Would you like to know how to make changes that actually stick ?
How often has this happened to you? You make a change, get really excited about it for a few weeks, and then … you’re kind of over it.
This is incredibly common — in fact, statistically most people would have broken their New Year’s resolutions already, just weeks after they’ve made them! But it is absolutely possible to make big changes that stick over the long term, and I’d love to tell you how to make that happen.
If you’ve decided that 2016 is going to be the year that you give up smoking or start exercising regularly, or lose the 10 kilos you have gained, or perhaps it is to work less and spend more time travelling or with your family – whatever your goal is read on.
Make sure it’s what you actually want
It’s so easy to get excited about a big change in your life, only to realise later that actually, that’s not something you really care about. To avoid this, don’t just approach your goals with your head — really tune in to your heart’s desire as you’re setting goals so that you don’t end up pouring a ton of time and energy into accomplishing something that’s not aligned with what YOU really want.
Start with the end in mind
Visualise how life would look if you were to move forward in time – see yourself already having achieved your goal – how would you look, how would you feel. By seeing yourself already having achieved whatever it is you want, it draws that end result to you like a magnet.
People who have successfully given up smoking start to see themselves as “non-smokers”. If you want to lose weight – start visualizing yourself back in your favourite outfit that you felt fantastic in. Hang the outfit on the outside of your wardrobe so you see it everyday as a reminder of what you are working towards. A client of mine who lost over 25 kilos on the HcG diet found a photo of herself when she was her ideal weight and put that on the fridge as a reminder everytime she went to the fridge that is how she wanted to look again – that lean sexy version of her was going to be her again.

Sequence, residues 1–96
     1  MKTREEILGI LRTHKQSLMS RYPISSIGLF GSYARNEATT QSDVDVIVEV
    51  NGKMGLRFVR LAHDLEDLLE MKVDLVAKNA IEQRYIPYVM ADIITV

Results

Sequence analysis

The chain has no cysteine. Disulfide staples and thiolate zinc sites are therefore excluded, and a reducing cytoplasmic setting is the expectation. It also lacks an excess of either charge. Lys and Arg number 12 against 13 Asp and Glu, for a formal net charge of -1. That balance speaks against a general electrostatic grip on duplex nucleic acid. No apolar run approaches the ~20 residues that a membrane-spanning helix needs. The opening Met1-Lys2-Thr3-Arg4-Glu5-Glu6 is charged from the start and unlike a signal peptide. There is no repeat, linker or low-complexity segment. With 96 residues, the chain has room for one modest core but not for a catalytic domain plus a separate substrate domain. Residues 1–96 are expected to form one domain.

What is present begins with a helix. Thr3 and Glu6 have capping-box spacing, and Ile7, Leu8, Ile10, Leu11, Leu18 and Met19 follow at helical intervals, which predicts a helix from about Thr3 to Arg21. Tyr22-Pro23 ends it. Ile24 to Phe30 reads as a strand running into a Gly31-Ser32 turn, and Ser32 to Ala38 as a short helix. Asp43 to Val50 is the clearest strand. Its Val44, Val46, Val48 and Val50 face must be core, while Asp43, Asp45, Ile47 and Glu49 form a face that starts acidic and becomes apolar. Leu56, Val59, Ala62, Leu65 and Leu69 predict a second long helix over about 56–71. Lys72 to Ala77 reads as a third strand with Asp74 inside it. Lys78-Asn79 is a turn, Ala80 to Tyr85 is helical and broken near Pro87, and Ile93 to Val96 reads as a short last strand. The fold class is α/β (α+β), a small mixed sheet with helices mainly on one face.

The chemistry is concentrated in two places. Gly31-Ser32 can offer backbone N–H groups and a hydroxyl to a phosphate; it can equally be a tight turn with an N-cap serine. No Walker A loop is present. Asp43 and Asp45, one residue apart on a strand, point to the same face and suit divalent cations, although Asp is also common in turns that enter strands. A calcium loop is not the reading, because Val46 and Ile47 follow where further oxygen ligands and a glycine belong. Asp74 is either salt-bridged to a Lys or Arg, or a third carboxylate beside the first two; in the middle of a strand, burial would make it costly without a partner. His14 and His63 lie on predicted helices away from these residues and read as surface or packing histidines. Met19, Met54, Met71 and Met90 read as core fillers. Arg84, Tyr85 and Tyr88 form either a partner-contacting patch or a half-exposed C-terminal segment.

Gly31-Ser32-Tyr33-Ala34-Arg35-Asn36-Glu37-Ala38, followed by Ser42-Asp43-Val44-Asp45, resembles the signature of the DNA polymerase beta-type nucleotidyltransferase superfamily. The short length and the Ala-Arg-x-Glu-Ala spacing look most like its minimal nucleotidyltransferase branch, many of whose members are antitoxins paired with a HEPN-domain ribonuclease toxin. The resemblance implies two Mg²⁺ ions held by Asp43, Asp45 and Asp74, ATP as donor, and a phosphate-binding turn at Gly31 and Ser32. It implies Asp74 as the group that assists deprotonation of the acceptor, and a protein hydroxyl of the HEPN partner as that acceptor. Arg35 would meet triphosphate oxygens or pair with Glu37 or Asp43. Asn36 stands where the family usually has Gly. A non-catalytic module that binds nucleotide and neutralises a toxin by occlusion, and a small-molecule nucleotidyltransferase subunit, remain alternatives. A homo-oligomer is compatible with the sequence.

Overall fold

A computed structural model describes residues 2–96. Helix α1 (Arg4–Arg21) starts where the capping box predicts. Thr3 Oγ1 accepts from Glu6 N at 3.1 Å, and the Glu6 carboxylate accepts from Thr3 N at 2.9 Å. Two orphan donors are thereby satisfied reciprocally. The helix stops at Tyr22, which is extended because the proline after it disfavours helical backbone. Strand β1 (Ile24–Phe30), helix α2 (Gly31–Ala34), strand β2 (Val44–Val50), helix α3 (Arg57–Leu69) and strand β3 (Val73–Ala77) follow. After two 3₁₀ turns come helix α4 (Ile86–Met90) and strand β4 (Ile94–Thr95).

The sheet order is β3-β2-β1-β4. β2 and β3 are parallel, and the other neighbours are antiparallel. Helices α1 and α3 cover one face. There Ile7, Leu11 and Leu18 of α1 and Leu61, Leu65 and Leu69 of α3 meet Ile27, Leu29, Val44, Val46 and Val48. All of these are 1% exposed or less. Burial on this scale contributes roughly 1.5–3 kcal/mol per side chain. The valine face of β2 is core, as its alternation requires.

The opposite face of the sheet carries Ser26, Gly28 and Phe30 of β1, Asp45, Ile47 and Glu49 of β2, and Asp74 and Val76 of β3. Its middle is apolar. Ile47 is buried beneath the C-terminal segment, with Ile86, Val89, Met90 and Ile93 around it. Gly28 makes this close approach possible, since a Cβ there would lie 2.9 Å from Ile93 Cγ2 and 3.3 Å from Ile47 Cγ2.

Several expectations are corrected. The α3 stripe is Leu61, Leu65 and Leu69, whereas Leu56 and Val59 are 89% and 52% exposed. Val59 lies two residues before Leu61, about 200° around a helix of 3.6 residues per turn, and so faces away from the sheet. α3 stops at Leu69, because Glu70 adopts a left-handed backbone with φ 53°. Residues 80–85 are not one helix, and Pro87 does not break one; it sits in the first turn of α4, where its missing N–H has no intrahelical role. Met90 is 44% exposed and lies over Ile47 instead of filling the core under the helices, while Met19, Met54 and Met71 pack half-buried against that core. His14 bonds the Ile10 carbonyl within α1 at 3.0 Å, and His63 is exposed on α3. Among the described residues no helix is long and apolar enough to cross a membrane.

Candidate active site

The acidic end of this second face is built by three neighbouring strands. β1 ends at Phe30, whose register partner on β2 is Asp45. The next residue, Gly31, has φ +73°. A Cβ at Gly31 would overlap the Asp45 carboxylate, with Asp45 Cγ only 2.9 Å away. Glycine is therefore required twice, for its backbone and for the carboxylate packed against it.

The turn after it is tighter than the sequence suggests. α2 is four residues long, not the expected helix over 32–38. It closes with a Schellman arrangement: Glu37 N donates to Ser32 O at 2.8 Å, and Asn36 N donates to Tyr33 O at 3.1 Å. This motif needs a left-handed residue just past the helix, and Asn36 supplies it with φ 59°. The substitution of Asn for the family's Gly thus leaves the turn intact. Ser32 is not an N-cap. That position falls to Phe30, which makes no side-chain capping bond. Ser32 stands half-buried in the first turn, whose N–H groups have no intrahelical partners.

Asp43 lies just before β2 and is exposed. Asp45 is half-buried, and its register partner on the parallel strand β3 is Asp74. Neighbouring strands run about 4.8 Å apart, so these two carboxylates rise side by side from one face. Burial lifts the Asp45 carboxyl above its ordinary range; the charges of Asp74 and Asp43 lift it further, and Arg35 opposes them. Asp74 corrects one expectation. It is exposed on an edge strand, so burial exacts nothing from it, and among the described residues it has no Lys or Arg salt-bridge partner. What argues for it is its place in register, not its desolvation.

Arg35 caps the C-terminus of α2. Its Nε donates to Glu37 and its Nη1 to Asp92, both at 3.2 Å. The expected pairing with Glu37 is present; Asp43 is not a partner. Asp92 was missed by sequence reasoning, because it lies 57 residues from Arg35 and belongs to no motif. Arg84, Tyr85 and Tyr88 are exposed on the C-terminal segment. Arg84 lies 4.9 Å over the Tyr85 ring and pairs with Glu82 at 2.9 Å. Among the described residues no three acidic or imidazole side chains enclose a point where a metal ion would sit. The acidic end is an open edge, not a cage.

Find your support network
Studies have shown that you’re much more likely to follow through with a change if you have people around you to support you with it. This is where your network comes in. Whether you need someone to watch your kids for an hour a week so you can go to a Pilates class, or find a friend to start walking with. Or get your partner on board to start the new eating plan together. Your network can be an invaluable source of support, so make sure you ask for their support.
Start with small stepping stones and build momentum with little wins
For example, starting a new exercise program – begin with a 20 minute walk and gradually build up or if you’re doing weight training – start with light weights. If you push yourself the first time back in the gym you might feel sore and uncomfortable after your first work-out – it’s a bit of a discouragement to go back and do it again.
Or you may want to lose 25 kg, however make your first goal to lose the first 5 kilos, then the second goal could be to lose another 10 kilos, and so on from there.
Build momentum. This is especially important at the beginning, or any time that you’re moving up to the next level of whatever your change is. You need to get a few little wins under your belt first thing so that you have the energy to keep going. The more you stick with it, the more you train yourself to keep doing it, which is just what you need to make big changes over the long term.
What are some big changes you want to make this year?